1100. 060ᵒM. Wind is filling in from the SE so we can lay a straight course for Lisbon. We set the headsails and sheet out the main. Not enough wind to sail yet so we leave the engine on but reduce the rpm. We are still working to a bit of a deadline so can’t afford to drop the speed right down. We are now making 7.5kts, if we can keep this for 24hrs it will take the pressure of and we can sail at a more leisurely pace. Passage making with deadlines to meet is not ideal as it can sometimes force decisions to be made but the boat is a business and has to be run to a schedule, although not at any cost. If the weather became really adverse we would of course seek shelter and find other ways of getting our guests to their flights next week. The crew on my watch are set to work, the deadeyes have to be oiled with linseed, rust stains removed and the manual deck bilge pump is being wire brushed ready for a fresh coat of tar. There are constant little jobs to do aboard a boat on passage, last night the steaming light bulb blew so I will pop up the mast and replace that this morning. The 240volt impellor pump we use as a daily bilge pump and for empting tanks was starting to struggle, a quick inspection found the impellor was missing a blade or two so it was replaced. A 5 minute job but it could be crucial in an emergency if the bilge doesn’t perform to its optimum.
2000. 075ᵒM. We decide to bring the main topsail down at the change of watch. Forecast is not entirely clear and it could blow a bit so better safe than sorry.
16th February 2013.
Noon Position: 38ᵒ17.62’N 14ᵒ00.15’W
Days run: 143Nm
0400. 085ᵒM. We have the 4-8am watch today which I like as you get to see the sunrise and finish with a good breakfast. We are still motor sailing but the wind has veered to SSW and is slowly building. It appears from the forecast we are going to get a sou’ westerly blow before we make landfall and this is likely the start of it. Barometer has started to fall.
0800. 085ᵒM. Wind has built sufficiently so we can sail and still make good speed, we set the flying jib and within an hour are making 6.5kts in the freshening breeze. Breakfast of champions today – freshly baked bread and leftover plum tart from dinner last night!
1200. 085ᵒM. Wind is a steady F5 on the beam and we are making an effortless 7-7.5kts. It is times like these you can tell that Bessie Ellen was designed as a sailing ship with no engine, in the right conditions she glides along with such a comfortable motion and so easy on the helm, it really is a joy to take the wheel.
1400. 085ᵒM. The ‘Bessie Ellen Bake Off’ reaches its third day. It is the turn of my watch today to bake the cake for afternoon tea, in competition with the middle and starboard watch. As watch leader I do as any leader does and delegate the task to someone who actually knows what they are doing! We get a superb lemon drizzle cake, and although I’m bias, I think it is the clear winner. We also take this opportunity to do a sweepstake for our time of arrival, closest to the mark wins a bottle of rum so people are studying the log book hard to make their best guesstimate. Wind has slacked a little but the clouds look ominous so we decide that a reef will be taken in before dark, perhaps over cautious but prudent none the less. Handling a big gaff main in the dark with rolling seas is no fun when the wind gets up, and the old girl doesn’t deserve to be stressed too much at the grand old age of 109.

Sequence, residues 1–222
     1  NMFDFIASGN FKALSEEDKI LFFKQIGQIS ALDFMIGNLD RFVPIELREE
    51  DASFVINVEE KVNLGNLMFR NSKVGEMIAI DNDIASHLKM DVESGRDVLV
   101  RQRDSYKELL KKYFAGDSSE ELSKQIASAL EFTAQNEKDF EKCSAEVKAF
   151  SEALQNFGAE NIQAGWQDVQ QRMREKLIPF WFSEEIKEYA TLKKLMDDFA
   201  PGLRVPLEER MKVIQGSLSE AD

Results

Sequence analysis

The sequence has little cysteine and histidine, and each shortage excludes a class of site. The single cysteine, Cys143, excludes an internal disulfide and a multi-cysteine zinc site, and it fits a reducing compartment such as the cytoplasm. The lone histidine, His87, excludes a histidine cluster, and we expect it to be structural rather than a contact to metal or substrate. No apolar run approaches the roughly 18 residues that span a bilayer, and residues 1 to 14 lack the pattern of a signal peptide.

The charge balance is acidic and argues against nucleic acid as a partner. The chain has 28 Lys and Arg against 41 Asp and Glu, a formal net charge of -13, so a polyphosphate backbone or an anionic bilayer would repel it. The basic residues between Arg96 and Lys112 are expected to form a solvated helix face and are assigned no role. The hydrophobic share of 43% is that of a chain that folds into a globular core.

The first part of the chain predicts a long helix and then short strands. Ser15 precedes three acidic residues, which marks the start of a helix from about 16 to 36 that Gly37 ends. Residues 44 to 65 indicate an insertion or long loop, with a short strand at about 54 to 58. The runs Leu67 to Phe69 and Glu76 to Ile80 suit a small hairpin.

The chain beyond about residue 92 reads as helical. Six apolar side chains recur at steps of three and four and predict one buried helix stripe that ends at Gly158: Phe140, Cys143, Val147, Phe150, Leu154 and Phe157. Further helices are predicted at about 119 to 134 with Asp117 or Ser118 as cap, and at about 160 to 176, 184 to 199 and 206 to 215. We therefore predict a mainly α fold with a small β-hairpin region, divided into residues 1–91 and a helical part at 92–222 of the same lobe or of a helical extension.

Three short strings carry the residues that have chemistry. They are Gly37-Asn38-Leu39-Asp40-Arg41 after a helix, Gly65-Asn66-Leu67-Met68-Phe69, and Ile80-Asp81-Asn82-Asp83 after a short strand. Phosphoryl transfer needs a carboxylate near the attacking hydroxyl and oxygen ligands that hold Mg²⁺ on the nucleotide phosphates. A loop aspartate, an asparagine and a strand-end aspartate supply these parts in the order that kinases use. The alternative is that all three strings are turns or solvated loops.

1700. 085ᵒM. Take the first reef in the main. Good practice for the guests to do this kind of sail handling in adverse conditions, keeps them on their toes!
2300. 090ᵒM. Wind eventually building from the south. Gusts now of 30 knots with an increasing sea, but it’s on the beam and she is taking it well. Making a steady 7 knots boat speed.
16th February 2013.
Noon Position: 38ᵒ 41.93’N 010ᵒ 42.12’W
Days run: 158Nm
0400. 095ᵒM. Take in the outer jib as the winds reach a steady F6-7. We are sailing fast but comfortably. It’s a bit lumpy down below but everyone is managing to get some sleep of some description. The rain squalls are coming thick and fast, this is the first night I have to get out the waterproof trousers, I guess they are here for the duration now.
0800. 095ᵒM. Bacon and baked beans for breakfast! We now have less than 100Nm to go and it looks like we might make it in tonight before last orders at this speed.
1200. 095ᵒM. Fastest day yet with a very satisfactory 158Nm from noon to noon, and all under sail. Put a good breeze on her beam and she will really fly!
1300. 095ᵒM. Wind is veering again to due West and dying rapidly. We are quickly left with a lumpy sea and not enough wind to fill the sails. We try sheeting the main in hard and putting a boom and the two gaff preventers on but the gaff yard is still crashing horribly so we do a quick drop and get it all lashed down tight. The next few hours we will no doubt be rolling around but at least we won’t break anything. It’s engine for the last miles of the trip unfortunately.
1600. 095ᵒM. Cross the Portugal VTS reporting line. We call ROCA Control to inform them of our inbound passage to Portugal, give our present position, course and speed with ETA in Cascais. We are now crossing the southern side of the Cape Roca TSS (Traffic Separation Scheme) so we will be seeing a lot more ships travelling north and south, time for the watches to keep their eyes peeled.
2000. 105ᵒM. The TSS is not as busy as we expected. Picked up the lighthouses of Cabo Roca and Cabo Rosa.
2300. Tied up and all secure in Marina de Cascais. The guests are tired but extremely happy. We open a couple of bottles of red and toast ourselves and the ship, as always she has done us proud this trip.
To find out more about how to come sailing on Bessie Ellen contact Classic Sailing in Cornwall.